Fire protection rating improves
Marion’s fire protection rating — a measurement of how well residents are protected from fire — went up this year.
Fire protection ratings are assigned by Insurance Service Office, an independent company that rates a community and its area, city administrator Roger Holter said.
A public protection classification ranging from 1 at the top to 10 at the bottom is used by insurance companies to set the fire risk for properties they insure.
“All insurance companies are supposed to use this as their classification guide to set their rates,” Holter said.
A metropolitan area with direct access to a fire station is rated 1, Holter said.
Marion’s rating notched up from 6 to 5, and residents of the county lake went up to 5 along with them, Holter said. The county park and lake is one of Marion’s direct fire districts, he said. A few of the lake homes are rated 9 because of the distance to a fire hydrant, Holter said.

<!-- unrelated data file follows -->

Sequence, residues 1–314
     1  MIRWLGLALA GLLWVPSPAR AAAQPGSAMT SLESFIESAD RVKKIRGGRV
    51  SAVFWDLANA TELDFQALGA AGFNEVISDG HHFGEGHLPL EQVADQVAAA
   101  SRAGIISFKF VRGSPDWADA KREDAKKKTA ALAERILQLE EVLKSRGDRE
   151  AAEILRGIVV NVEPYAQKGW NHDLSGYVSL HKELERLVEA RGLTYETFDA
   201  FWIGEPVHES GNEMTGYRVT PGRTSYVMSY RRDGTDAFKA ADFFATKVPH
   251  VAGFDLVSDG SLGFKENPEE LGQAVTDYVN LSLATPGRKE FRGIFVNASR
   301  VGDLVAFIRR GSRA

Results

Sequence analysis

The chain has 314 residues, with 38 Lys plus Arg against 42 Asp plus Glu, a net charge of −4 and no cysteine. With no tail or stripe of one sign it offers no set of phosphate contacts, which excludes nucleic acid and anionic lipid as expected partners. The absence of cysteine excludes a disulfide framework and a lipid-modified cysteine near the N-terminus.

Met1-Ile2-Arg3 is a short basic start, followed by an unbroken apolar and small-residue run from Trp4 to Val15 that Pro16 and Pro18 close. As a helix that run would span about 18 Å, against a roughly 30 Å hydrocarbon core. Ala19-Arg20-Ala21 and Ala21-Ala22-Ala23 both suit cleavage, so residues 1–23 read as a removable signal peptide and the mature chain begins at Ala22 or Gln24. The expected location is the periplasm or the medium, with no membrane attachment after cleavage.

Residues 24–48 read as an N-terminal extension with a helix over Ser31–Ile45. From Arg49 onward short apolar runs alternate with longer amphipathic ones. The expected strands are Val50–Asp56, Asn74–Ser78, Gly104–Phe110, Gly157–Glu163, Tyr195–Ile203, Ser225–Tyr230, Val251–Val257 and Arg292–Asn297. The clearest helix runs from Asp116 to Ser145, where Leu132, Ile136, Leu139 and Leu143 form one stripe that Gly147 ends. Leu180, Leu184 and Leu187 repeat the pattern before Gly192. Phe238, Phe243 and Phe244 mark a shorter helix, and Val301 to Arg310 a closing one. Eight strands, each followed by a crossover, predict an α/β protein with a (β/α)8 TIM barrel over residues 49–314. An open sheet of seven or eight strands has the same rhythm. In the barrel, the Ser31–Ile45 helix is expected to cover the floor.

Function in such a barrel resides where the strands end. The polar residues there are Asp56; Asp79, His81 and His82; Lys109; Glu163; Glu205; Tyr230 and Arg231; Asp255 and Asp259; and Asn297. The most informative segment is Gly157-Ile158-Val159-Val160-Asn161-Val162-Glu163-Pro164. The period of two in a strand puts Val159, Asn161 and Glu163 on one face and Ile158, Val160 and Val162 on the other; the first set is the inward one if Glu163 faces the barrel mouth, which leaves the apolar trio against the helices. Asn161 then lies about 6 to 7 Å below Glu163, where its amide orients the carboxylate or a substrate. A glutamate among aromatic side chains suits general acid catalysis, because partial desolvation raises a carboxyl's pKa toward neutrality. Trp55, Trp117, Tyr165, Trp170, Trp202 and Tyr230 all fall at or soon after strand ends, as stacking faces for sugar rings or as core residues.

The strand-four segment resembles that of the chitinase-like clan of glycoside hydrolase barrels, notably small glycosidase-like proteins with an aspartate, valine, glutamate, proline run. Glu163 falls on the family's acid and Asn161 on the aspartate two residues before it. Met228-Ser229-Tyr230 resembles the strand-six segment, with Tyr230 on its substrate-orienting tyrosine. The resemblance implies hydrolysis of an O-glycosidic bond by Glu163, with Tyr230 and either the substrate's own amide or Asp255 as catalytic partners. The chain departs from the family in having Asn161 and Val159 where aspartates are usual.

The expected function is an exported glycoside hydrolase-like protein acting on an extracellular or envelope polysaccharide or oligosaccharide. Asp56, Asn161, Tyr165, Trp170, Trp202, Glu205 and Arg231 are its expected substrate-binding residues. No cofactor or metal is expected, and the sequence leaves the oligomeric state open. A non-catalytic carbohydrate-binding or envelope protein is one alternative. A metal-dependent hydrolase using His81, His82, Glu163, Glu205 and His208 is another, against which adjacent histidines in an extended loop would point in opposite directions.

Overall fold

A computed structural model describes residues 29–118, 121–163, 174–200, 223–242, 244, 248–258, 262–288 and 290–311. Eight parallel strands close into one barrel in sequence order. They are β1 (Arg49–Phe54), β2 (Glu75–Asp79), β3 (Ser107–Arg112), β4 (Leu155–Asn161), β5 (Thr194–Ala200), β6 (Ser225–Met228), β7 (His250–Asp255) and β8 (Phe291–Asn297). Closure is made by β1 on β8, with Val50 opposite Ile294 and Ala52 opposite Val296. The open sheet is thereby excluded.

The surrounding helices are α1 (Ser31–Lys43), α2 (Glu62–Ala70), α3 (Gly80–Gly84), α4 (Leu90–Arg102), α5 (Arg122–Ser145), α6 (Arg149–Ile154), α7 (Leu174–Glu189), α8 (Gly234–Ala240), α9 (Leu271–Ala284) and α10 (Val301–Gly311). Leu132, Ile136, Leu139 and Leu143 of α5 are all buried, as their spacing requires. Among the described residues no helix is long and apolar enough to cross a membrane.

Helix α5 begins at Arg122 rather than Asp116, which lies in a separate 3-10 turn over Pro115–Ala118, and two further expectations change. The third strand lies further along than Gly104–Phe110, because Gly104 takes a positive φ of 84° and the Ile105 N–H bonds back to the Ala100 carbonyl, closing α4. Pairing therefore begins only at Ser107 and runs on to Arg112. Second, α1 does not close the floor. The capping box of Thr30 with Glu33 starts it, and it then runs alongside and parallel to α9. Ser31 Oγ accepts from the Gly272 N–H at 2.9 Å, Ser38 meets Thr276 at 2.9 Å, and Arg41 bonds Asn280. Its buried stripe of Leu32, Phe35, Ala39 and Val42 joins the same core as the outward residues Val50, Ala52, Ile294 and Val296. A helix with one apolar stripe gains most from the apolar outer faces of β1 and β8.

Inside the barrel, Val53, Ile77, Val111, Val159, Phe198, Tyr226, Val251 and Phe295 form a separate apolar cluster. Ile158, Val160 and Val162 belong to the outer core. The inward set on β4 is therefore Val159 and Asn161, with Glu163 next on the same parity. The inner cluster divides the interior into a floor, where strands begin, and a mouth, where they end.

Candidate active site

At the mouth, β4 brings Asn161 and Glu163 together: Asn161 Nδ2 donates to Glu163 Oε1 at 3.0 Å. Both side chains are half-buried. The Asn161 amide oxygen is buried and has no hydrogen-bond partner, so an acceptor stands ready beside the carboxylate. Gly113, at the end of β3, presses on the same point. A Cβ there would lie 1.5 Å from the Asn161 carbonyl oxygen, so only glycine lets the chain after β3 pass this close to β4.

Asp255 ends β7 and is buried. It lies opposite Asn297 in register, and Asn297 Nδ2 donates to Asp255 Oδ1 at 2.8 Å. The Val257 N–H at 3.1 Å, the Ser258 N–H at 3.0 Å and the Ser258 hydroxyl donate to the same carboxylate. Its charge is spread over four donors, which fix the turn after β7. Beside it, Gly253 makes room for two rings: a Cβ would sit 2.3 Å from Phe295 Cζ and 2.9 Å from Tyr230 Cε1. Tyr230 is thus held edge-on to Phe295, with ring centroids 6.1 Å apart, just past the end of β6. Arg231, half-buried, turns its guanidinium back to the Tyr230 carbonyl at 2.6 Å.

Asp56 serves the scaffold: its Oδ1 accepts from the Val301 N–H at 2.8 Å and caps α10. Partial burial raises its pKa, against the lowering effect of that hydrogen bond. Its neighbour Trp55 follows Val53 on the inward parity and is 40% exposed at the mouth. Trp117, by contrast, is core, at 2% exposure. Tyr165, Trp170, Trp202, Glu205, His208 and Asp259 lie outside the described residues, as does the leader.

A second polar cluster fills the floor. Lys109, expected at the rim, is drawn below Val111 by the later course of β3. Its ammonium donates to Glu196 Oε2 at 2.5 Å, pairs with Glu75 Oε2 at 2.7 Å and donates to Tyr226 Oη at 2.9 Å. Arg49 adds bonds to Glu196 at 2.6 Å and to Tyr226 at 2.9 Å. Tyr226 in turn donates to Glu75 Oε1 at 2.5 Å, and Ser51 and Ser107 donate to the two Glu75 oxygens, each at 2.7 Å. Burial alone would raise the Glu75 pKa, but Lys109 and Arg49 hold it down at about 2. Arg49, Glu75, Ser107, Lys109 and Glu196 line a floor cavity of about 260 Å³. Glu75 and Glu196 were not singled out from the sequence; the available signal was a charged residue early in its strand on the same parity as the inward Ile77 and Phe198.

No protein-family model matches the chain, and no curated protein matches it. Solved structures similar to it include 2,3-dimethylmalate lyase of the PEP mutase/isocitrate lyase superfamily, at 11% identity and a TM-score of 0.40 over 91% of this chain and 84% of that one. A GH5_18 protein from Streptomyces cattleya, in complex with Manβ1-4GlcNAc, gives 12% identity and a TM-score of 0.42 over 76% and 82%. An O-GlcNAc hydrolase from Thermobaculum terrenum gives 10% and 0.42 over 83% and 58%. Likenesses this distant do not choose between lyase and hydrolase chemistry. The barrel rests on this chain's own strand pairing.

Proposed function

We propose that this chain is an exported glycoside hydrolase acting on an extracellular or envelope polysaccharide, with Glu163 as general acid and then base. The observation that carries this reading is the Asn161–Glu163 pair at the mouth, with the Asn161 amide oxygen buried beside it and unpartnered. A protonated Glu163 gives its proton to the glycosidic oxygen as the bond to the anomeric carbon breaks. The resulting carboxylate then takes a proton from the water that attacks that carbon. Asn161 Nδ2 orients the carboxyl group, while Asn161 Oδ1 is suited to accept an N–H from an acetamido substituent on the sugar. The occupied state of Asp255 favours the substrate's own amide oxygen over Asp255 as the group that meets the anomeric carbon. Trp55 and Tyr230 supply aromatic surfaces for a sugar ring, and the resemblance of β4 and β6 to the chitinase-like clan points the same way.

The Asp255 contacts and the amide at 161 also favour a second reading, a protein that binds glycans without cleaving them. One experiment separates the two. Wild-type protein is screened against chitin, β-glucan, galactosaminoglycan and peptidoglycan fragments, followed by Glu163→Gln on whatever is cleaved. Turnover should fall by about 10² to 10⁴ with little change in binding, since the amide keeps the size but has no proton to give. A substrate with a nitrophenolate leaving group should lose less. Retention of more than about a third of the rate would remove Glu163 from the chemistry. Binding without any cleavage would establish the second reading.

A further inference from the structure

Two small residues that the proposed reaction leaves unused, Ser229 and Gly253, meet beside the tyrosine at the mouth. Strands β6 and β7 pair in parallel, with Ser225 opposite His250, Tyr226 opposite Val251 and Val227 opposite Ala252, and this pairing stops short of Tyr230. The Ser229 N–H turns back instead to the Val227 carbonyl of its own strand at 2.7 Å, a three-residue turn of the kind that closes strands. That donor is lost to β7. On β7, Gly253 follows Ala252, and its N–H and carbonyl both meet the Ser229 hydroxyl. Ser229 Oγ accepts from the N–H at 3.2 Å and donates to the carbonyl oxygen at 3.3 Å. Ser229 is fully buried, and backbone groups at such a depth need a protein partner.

The large water tower on the east edge of the city holds a half a million gallons.
“We were able to prove the water tower can maintain over 700 gallons a minute,” Holter said.
Holter said getting Marion’s fire protection rating higher took cooperation from several people.
All members of the city fire department became certified with Federal Emergency Management Agency in the past year, which was also a factor in the improved fire protection rating.
The report was created Oct. 18 and officially goes into effect for insurance carriers Feb 1, 2019.
Marion insurance agent Casey Case said some insurance companies won’t cover homes rated 9 for fire protection.
“Most of the companies we represent are rural and include farm insurance,” Case said. “There is a significant change in premium from a class 9 to a class 5.”
Case said homes with a classification changing from 6 to 5 probably won’t see any difference in their insurance rates.
Last modified Nov. 7, 2018